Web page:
print("Your Molarity is: ", getMolarity(grams, molMass, volume)," mol/L.")

    main()
    print("Done!")

    a.         Circle the user defined function call in the main program.

     

    b.         How does the location of the function call in the main program differ from others you have seen today?

     

    c.         Is the function a void function or a value returning function?

     

     

    Information: Style guides define the maximum number of characters in a line of computer source code. The standard for python is 79 characters. This allows for several files to be open side-by-side, and makes code easier to read. You can read more at: https://www.python.org/dev/peps/pep-0008/#code-lay-out

    7.         The following Python program performs the same operations as found in question 6.

    Python Program 6
    def getMolarity(grams, molMass, volume):
        volume = volume/1000
        molarity = grams/molMass/volume
        return molarity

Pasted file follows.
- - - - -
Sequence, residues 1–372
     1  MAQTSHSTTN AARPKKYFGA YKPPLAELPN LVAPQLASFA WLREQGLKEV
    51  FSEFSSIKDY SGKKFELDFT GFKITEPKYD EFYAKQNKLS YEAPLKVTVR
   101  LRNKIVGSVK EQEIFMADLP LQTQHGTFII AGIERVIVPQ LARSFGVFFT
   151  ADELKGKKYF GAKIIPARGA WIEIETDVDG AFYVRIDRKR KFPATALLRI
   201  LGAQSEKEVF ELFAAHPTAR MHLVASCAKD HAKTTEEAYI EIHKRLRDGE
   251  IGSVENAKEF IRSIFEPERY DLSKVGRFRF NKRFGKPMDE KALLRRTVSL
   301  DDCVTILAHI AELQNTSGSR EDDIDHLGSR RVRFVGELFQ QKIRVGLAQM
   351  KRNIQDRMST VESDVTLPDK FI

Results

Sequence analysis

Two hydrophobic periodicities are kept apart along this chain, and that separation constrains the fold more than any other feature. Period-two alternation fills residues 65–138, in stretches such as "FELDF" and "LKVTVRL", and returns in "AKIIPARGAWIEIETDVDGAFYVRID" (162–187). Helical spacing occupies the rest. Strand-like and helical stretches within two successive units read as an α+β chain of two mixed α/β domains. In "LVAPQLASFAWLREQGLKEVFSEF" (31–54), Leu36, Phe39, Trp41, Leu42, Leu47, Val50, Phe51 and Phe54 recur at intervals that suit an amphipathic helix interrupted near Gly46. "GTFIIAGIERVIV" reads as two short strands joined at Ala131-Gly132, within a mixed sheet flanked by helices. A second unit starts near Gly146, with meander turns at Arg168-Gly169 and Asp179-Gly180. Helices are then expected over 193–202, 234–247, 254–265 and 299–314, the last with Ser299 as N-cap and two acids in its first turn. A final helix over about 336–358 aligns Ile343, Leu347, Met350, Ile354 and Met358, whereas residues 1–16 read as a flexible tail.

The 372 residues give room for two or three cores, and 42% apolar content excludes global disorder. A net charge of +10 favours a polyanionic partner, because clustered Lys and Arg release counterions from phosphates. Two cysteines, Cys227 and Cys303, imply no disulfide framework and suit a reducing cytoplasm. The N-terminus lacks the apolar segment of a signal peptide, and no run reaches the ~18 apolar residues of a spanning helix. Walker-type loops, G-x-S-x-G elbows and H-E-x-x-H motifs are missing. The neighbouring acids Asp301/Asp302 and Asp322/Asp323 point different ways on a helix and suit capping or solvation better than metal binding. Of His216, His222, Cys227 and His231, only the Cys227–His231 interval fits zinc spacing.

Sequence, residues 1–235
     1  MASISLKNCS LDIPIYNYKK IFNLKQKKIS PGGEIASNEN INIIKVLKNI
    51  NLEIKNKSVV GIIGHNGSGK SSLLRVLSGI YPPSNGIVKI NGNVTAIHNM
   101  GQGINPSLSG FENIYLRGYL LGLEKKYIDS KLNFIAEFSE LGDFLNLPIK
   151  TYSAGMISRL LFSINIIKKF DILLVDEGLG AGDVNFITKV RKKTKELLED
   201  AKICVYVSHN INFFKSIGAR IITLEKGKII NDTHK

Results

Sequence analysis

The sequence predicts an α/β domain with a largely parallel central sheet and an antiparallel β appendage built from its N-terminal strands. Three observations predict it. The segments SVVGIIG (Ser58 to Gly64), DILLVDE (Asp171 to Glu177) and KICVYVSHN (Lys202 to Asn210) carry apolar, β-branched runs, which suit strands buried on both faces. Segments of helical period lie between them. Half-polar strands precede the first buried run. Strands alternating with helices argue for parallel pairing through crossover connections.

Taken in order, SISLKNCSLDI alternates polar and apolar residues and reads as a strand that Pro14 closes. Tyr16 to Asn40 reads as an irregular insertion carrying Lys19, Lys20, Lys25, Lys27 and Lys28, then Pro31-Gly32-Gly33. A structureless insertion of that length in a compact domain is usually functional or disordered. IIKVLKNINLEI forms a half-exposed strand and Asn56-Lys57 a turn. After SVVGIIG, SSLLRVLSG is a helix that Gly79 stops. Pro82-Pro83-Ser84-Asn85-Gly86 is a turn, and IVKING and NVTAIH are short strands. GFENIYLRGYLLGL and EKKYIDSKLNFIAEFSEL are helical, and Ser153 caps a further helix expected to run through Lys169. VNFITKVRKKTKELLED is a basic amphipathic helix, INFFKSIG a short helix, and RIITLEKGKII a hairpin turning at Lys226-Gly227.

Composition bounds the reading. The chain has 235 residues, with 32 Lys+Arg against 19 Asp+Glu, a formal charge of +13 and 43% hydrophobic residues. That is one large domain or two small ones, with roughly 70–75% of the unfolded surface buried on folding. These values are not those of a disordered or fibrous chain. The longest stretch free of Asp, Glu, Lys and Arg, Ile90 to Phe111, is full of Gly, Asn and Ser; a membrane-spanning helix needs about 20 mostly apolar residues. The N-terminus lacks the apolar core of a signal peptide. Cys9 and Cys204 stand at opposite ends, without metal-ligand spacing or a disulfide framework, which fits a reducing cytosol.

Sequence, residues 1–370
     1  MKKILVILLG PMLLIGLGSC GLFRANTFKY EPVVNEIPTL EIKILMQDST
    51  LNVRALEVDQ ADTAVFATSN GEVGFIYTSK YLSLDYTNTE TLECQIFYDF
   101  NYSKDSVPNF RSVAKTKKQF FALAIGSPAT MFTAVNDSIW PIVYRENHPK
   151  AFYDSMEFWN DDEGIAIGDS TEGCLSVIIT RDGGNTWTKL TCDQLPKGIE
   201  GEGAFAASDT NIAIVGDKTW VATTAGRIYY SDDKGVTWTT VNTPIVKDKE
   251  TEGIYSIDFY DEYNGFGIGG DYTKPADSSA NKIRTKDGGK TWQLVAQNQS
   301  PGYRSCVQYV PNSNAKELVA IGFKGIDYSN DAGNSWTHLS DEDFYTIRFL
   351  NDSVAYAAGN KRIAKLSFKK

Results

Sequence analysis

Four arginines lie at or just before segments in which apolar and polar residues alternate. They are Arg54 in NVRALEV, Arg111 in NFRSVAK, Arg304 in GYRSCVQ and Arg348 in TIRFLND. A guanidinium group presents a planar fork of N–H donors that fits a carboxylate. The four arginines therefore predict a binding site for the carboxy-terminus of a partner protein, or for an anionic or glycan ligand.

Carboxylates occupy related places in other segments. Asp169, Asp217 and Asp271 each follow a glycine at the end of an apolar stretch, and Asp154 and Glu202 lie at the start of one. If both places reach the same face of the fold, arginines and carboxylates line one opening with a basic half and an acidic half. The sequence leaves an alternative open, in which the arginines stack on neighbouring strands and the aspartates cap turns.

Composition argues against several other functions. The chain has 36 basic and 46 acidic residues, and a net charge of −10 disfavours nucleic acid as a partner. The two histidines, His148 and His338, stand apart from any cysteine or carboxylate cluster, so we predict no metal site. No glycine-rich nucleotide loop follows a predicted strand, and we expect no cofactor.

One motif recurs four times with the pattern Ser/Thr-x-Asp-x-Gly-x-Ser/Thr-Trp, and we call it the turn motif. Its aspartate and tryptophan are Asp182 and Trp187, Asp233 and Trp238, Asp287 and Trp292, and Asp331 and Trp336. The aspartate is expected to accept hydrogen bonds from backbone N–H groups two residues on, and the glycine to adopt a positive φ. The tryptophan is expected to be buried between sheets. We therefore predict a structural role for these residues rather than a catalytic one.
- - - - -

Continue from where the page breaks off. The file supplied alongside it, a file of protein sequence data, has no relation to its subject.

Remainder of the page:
def main():
        grams = float(input("Enter grams of substance: "))
        molMass = float(input("Enter molar mass of substance in grams per mole: "))
        volume = float(input("Enter volume in milliliters: "))
        print("The molarity of your solution is: ", 
              format(getMolarity(grams, molMass, volume),'.2f'), " mol/L.")
    
    main()
    print("Done!")

     

    a.         Circle the user defined function call in the main program

     

    b.         How does the program above show that a user defined function can be the argument of another function?

     

    c.         Why is the print function within the main function written on two lines?

     

    d.           Execute the program by copying and pasting this code into your IDE editor window.

     

    e.      What happens if you remove the indentation from the second line of the the print  

    function in the main function as show below:

     

     

    Copyright Statement

    cc4.0
    This work  is licensed under a Creative Commons Attribution-NonCommercial-ShareAlike 4.0 International License, this material is a modification by Ehren Bucholtz and Robert Belford of CS-POGIL content, with the original material developed by Lisa Olivieri, which is available here.


    Application Questions: Use the Python Interpreter to check your workfrog

    1.  Write a function that draws a frog. Call the function to be sure it works.
    Sample frog:  

     

    2.   Expand the program in #1 to produce the following output:

    four frogs

    3.         Write a Python program that prompts the user for three words and prints the word that comes last alphabetically. Use a function to create the program.